Klam adopted Otto 15 years ago, so (spoiler alert) he has since died, and that is heartbreaking to her and the reader. But dogs have shorter lives than we do, and other dogs come in and out of her home, sometimes as brief foster care pets, sometimes as family member --- we meet Otto and Moses and Sherlock and the surprising Dahlia, as well as Wisteria and Fiorello, mutts named by Klam's young daughter, who comes to view the dogs as siblings, to love and fight with and be jealous of.

You Had Me At Woof has many amusing and some harrowing dog tales, and is a tribute to dog love for all dog people... and I loved every minute of it. Check it out.

November 9, 2014

Annette Bening's 'Secret' Face...

I've always loved super-talented actress Annette Bening, but since her high profile multi- Oscar nominated streak some twenty years ago with movies like The Grifters, Bugsy and American Beauty,  we haven't seen that much of her.

While Bening married Warren Beatty and raised their kids, she worked less... and with the exception of Meryl Streep we don't see much of actresses over 50 anyway, unless they reinvent themselves on TV like Jessica Lange and Kathy Bates have.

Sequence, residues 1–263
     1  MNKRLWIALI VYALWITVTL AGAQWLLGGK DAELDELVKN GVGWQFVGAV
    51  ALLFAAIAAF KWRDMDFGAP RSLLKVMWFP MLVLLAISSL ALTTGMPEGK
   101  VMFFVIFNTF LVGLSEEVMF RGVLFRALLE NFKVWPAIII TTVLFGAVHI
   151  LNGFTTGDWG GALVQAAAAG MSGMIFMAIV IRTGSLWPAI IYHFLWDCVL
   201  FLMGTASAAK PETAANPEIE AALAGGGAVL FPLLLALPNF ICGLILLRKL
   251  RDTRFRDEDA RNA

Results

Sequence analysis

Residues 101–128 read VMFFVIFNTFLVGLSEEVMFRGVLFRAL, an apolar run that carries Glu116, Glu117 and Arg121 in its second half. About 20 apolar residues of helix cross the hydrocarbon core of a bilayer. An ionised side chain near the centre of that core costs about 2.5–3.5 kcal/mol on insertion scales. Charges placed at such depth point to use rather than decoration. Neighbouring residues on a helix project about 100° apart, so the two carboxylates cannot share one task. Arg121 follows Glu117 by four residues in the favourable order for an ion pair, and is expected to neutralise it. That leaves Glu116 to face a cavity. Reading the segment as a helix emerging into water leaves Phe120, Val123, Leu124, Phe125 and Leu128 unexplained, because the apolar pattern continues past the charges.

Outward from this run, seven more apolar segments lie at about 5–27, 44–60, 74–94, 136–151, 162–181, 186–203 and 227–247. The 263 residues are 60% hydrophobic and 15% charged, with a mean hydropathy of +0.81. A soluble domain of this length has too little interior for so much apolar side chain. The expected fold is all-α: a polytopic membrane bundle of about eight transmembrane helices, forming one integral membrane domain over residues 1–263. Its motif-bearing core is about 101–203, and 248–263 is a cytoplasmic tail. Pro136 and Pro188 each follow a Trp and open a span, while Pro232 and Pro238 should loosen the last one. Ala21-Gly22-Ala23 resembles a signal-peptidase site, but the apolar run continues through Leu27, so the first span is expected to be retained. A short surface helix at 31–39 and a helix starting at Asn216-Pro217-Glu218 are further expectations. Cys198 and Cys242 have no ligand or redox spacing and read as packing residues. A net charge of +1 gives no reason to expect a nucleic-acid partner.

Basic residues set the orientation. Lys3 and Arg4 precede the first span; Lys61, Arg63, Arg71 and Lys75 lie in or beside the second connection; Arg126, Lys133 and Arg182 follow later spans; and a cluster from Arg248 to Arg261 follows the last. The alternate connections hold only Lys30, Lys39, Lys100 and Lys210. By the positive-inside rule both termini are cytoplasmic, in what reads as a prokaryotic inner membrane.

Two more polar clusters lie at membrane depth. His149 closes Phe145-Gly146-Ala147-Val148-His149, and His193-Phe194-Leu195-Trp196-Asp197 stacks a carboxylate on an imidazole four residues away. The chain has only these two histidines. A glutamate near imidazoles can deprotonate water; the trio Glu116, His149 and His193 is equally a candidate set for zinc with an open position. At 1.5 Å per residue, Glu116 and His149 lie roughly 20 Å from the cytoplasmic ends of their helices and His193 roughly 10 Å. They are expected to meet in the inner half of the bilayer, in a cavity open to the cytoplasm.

Bening resurfaces once in a while, like with 2010's terrific The Kids Are Alright, but we don't see her very often, so it was a pleasure to discover on Netflix a Bening movie I had never heard of, 2013's romantic drama The Face Of Love.

This flick was shown at festivals and a few independent theatres before quickly going to video on demand;  but that doesn't mean its crap... if you want to see Bening in crap, look for her and Kristen Wiig in Girl Most Likely. In this case the low profile means it's low budget and somewhat artsy and slower paced..

In The Face Of Love, Bening loses her beloved husband, played by Ed Harris, in a drowning accident while they are on vacation in Mexico; we skip ahead five years, and she is still in mourning and her life is basically paralyzed while her grown daughter, played by The Good Wife's Jess Weixler, and infatuated neighbour, played by Robin Williams, worry about her.

Bening's character Nikki then meets and romances Tom, an artist who looks just like her husband, also played by Harris. She keeps the resemblance secret from him, and the romance secret from everyone in her life. And Tom keeps his heart condition a secret.

Nikki is lonely and emotionally suffocating to the point of imbalance, and Bening makes her sympathetic while we also see she is too far gone. 

It all comes to a head when her daughter Summer, who was pleased about her mother finding a new love, lays eyes on Tom, which sends her into a rage. Tom, surprised by that reaction, accepts when Nikki asks him to run off to Mexico with him... where he learns about her husband.